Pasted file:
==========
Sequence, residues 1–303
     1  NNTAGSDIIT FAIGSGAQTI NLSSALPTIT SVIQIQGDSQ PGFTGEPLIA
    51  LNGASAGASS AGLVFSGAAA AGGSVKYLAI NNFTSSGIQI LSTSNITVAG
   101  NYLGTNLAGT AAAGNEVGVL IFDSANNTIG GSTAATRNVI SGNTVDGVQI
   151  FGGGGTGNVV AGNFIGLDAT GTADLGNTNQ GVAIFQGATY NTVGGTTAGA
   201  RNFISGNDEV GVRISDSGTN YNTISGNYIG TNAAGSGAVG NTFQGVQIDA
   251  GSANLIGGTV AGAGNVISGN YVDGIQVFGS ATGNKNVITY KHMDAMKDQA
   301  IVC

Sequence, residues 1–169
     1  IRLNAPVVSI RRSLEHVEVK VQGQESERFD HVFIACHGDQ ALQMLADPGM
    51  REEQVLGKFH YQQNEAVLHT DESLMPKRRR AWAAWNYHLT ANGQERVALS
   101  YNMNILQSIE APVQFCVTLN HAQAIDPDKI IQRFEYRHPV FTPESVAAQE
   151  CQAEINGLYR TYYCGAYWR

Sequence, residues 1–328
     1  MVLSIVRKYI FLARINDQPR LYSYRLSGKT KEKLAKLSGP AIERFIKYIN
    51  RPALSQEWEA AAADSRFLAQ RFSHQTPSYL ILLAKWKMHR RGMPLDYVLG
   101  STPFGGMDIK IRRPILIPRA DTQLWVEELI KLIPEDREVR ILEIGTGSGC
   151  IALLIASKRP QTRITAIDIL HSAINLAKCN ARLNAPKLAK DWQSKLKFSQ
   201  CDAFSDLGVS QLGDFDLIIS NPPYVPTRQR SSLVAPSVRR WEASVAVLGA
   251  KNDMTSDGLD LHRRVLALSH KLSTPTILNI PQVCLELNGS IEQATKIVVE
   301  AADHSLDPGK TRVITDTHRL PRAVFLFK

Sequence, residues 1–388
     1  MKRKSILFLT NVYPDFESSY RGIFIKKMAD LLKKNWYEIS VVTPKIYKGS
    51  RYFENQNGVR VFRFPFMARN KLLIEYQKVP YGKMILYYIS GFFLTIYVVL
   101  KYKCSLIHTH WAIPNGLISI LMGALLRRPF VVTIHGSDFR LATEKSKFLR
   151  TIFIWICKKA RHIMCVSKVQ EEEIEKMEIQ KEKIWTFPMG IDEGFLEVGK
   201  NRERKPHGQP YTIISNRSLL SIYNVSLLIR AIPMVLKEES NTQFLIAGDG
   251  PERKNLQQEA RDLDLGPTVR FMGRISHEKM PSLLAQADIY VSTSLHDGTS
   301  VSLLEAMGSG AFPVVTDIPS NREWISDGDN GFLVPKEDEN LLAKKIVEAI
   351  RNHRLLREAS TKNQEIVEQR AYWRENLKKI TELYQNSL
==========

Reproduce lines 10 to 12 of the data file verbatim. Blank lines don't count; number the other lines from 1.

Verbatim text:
     1  IRLNAPVVSI RRSLEHVEVK VQGQESERFD HVFIACHGDQ ALQMLADPGM
    51  REEQVLGKFH YQQNEAVLHT DESLMPKRRR AWAAWNYHLT ANGQERVALS
   101  YNMNILQSIE APVQFCVTLN HAQAIDPDKI IQRFEYRHPV FTPESVAAQE